Narcolepsy Diagnosis Criteria When There's No Cataplexy

If you do not experience cataplexy, narcolepsy can be diagnosed by the presence of these features:

  • Excessive daytime sleepiness.
  • Associated features that go along with excessive sleepiness.
  • Results from polysomnography (a sleep measurement technique used with narcolepsy diagnosis criteria) showing patterns distinctive of narcolepsy.
  • No other mental or medical problem that could explain the symptoms.

Of these criteria, the excessive daytime sleepiness and the features that go along with it are the easiest to consider if you're wondering whether you suffer from narcolepsy.

Narcolepsy Diagnosis Criteria – Excessive Daytime Sleepiness

The sleepiness can just involve feeling drowsy at intervals during the day, but can also involve being unable to resist falling sleep at appropriate times and places with little warning. This tend to be the first symptom that people notice – additional symptoms may start to appear, individually or together, years after you first notice excessive daytime sleepiness.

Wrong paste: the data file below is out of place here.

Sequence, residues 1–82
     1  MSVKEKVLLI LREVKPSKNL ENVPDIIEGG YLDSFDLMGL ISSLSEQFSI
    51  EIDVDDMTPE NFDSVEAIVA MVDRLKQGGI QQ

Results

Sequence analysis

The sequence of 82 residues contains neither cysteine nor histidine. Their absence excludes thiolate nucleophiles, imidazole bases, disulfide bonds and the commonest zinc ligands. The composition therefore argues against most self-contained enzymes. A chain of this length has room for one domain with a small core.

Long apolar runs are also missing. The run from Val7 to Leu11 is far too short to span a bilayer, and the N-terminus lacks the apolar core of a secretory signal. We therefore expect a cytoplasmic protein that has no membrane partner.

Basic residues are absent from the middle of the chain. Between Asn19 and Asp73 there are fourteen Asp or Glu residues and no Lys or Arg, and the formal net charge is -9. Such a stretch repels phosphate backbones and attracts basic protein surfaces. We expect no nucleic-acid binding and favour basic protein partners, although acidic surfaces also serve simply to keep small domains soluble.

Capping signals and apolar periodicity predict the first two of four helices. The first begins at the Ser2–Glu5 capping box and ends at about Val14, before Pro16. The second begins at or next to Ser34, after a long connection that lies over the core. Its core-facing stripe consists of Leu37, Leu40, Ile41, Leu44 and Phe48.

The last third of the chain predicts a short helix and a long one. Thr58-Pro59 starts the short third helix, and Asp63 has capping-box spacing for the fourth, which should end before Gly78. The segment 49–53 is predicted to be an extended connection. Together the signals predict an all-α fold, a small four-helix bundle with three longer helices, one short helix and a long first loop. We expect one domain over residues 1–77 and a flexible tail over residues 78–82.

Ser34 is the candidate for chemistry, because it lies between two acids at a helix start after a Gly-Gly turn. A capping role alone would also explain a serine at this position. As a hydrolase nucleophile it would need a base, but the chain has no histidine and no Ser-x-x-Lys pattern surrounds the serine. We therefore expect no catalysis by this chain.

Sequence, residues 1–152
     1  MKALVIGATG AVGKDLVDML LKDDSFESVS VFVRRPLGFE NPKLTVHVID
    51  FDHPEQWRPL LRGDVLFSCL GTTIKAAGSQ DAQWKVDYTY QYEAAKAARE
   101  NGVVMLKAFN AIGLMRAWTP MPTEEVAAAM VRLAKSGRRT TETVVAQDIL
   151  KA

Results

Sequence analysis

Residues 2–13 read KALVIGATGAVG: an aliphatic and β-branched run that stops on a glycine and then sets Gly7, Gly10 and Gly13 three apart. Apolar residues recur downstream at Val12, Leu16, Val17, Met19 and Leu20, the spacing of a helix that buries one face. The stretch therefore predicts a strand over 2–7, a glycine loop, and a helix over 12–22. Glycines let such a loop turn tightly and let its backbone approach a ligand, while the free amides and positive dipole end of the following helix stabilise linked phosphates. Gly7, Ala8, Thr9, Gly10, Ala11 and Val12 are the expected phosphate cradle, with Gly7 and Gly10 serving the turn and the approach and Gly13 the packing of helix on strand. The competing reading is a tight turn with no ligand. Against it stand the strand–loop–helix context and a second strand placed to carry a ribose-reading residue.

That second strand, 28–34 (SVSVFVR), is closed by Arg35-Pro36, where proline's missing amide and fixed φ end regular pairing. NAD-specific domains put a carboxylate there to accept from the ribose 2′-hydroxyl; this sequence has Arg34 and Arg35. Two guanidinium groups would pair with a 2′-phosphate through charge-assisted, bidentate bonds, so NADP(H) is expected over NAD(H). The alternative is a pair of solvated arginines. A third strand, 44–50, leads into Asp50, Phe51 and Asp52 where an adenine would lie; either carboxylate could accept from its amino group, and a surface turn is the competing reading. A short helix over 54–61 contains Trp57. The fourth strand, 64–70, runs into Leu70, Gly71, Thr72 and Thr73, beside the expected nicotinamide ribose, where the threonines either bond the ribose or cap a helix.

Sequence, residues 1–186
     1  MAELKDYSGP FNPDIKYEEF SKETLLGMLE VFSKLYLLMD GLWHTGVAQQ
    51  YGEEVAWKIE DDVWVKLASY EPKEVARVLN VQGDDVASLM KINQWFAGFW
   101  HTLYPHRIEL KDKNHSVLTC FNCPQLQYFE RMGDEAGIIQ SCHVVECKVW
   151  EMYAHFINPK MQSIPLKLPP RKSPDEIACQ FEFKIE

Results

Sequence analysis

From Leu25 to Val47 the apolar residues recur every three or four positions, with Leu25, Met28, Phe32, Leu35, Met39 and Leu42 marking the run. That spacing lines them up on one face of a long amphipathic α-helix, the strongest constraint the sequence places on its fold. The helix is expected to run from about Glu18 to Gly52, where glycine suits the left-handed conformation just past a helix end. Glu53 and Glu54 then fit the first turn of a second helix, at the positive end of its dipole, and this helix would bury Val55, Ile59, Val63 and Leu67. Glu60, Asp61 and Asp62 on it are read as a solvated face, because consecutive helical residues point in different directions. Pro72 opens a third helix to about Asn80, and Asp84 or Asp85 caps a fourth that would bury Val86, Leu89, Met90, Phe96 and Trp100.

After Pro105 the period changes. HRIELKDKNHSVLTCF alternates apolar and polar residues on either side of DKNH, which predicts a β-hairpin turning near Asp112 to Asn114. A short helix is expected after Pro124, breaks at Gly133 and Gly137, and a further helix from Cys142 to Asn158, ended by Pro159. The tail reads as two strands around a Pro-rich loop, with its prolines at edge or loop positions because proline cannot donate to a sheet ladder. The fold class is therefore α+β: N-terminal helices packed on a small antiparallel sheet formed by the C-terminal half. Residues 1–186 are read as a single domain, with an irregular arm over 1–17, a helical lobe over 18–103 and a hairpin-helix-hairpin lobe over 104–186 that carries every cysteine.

These additional symptoms include sleep paralysis, where you might be unable to move or talk for seconds or minutes after waking up, and hypnagogic hallucinations. These hallucinations are often vivid and frightening, and occur while drifting off to sleep and waking up.

A third feature, automatic behaviors, occurs in around 40% of narcolepsy sufferers. This is when everyday activities (like talking or putting things away) continue during sleep, but you wake up with no memory of doing them.